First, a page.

# Calculating capacitance required for burst current when V, t and i are known

#### electronice123

Joined Oct 10, 2008
325
This is in reference to the question below:

The circuit has a burst current of 20A @ 12V for 5 seconds with a 1V drop, calculate the required capacitance?

I get the 2V * 20A * 5s = 1200 Joules, but the formula below that one makes no sense to me. I've tried to calculate it over and over and I get .724Farads, not 104Farads like the answer on Stackex. What am I doing wrong?

My attempt at a solution:
C/2 (12^2-11^2)V^2 =1200

(2) C/2 (12^2 -11^2) V^2 = 1200(2)

C(12^2-11^2)V^2=2400

C(144-121)V^2=2400

C(23)V^2=2400

C23(144) =2400

C(3312) =2400

C(3312)/ 3312= 2400/3312 = .724 F

I've been racking my brain so much I've only confused myself further, any help will be greatly appreciated.

#### crutschow

Joined Mar 14, 2008
31,580
Calculating the energy unnecessarily complicates the calculations (and obviously gave you the incorrect answer).

20A for 5 seconds is 100 coulombs of charge (q) .
The charge on a capacitor is C = Q / V, so the required capacitance for a 1V drop is C = 100q / 1V = 100F.

• electronice123

#### WBahn

Joined Mar 31, 2012
28,192
This is in reference to the question below:

The circuit has a burst current of 20A @ 12V for 5 seconds with a 1V drop, calculate the required capacitance?

I get the 2V * 20A * 5s = 1200 Joules, but the formula below that one makes no sense to me. I've tried to calculate it over and over and I get .724Farads, not 104Farads like the answer on Stackex. What am I doing wrong?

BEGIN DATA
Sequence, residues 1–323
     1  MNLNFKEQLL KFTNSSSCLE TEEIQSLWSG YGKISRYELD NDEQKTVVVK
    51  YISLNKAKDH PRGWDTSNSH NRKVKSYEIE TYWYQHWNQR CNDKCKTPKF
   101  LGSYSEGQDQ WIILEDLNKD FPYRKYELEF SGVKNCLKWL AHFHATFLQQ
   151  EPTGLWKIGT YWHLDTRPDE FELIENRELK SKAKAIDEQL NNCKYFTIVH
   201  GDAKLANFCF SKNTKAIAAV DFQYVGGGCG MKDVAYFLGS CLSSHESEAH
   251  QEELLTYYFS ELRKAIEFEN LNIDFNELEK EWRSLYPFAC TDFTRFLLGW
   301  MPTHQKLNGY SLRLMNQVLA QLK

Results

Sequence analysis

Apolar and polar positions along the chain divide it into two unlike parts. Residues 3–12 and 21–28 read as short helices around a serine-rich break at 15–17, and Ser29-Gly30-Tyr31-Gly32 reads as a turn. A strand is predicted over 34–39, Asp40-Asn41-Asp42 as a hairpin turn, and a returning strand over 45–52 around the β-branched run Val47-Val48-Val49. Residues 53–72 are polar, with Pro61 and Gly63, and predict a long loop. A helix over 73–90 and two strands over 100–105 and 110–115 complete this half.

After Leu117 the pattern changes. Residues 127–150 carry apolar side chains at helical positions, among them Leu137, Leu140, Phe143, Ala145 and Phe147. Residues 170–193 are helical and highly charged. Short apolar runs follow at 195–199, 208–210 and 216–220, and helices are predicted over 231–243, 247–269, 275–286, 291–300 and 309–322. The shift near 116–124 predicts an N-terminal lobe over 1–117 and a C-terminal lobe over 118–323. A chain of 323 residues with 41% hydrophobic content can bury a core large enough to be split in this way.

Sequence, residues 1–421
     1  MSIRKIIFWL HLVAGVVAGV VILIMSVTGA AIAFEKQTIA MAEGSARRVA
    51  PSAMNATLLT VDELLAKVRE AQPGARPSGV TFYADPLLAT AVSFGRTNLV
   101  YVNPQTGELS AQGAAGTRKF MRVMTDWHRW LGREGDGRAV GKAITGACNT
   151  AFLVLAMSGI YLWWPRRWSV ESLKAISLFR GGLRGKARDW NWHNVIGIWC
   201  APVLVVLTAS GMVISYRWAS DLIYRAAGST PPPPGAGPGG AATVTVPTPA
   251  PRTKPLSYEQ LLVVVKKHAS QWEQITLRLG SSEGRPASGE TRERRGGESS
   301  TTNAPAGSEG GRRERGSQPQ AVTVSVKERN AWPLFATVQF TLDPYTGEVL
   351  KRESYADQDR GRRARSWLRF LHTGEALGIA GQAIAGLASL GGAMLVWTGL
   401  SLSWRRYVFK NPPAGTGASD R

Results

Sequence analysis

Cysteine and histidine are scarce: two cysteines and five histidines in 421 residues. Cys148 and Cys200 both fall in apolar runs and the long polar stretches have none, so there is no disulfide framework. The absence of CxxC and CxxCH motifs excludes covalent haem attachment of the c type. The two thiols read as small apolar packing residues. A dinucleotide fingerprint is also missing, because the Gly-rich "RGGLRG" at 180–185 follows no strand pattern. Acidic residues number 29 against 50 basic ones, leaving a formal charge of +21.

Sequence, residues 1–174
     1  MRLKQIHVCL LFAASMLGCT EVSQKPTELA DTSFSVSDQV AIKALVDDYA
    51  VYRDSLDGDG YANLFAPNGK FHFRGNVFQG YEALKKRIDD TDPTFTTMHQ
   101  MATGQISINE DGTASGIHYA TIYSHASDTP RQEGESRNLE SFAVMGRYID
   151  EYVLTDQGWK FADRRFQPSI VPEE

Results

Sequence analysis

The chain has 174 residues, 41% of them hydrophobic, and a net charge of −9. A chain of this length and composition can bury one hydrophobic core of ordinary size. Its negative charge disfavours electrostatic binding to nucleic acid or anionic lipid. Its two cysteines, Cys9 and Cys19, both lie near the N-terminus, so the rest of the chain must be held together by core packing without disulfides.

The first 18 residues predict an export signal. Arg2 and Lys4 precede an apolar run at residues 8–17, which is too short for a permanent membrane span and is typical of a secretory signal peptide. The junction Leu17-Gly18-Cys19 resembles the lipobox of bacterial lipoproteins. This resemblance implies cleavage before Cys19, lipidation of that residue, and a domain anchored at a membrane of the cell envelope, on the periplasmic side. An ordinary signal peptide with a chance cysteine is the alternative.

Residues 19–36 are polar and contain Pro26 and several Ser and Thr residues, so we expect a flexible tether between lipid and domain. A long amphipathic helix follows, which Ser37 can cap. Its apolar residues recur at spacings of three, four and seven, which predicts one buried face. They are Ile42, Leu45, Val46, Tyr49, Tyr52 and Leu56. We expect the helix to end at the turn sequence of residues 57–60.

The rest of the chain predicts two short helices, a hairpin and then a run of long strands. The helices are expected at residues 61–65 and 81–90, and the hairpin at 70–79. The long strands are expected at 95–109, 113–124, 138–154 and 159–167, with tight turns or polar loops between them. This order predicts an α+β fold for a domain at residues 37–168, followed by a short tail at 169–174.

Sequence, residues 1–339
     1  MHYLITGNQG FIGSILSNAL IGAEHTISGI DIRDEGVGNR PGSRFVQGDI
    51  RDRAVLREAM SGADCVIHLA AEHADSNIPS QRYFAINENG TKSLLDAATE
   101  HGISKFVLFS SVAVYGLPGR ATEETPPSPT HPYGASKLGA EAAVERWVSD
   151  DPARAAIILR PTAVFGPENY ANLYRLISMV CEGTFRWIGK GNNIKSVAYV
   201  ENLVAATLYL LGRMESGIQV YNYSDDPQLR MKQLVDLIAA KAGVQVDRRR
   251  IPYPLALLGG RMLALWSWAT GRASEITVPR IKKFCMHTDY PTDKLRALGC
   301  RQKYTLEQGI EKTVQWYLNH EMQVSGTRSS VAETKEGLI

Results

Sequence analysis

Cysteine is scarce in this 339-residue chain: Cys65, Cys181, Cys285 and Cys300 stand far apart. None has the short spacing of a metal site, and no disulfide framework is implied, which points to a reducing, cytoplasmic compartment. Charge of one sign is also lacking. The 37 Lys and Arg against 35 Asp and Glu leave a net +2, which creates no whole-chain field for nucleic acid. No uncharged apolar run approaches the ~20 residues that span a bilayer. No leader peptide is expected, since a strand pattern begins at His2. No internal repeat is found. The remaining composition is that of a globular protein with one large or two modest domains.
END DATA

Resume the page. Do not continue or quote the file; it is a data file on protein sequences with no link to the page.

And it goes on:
Where does this 2 V come from?

As I look at it, it appears to be a typo and that you meant 12 V.

While you can certainly get to the answer using energy arguments, it is FAR from the simplest and most straight forward.

But, since you went down that road, you want to learn how to do it properly.

Your 1200 J appears to be your attempt to get the amount of energy consumed by the load during this five seconds. However, it's just an approximation since the voltage is dropping during that 5 s. What you don't know is whether the current drops in proportion to the voltage drop or not. So you have to make some assumptions (and should state them in your solution). You've made a couple of assumptions here, but they are both reasonably defensible. Do you recognize what they are?

My attempt at a solution:
C/2 (12^2-11^2)V^2 =1200

(2) C/2 (12^2 -11^2) V^2 = 1200(2)

C(12^2-11^2)V^2=2400

C(144-121)V^2=2400

C(23)V^2=2400

C23(144) =2400

C(3312) =2400

C(3312)/ 3312= 2400/3312 = .724 F
Your very sloppy use of units is what has caused you problems. You put in some units, but not all of them. Then you later treated a unit like a variable, which totally destroyed any validity you might have had, and then because you didn't track units, but instead just tacked on whatever you unit you wanted the answer to have at the end, you deprived yourself of the ability to catch your error.

So let's go through, tracking the units properly, and see what you get.

CV²/2 = E

C/2 ( (12 V)² - (11 V)² ) =1200 J
C/2 ( (144 V² - 121 V² ) =1200 J
C/2 ( 23 V² ) =1200 J

C = (2·1200 J) / (23 V²)
C = 2400/23 J/V²
C = 2400/23 J/V² (1 J = 1 A · 1 V · 1 s = 1 coulomb·V) I'm writing out coulomb to avoid confusion with the variable C
C = 104.3 coulomb/V
C = 104.3 F

I've been racking my brain so much I've only confused myself further, any help will be greatly appreciated.
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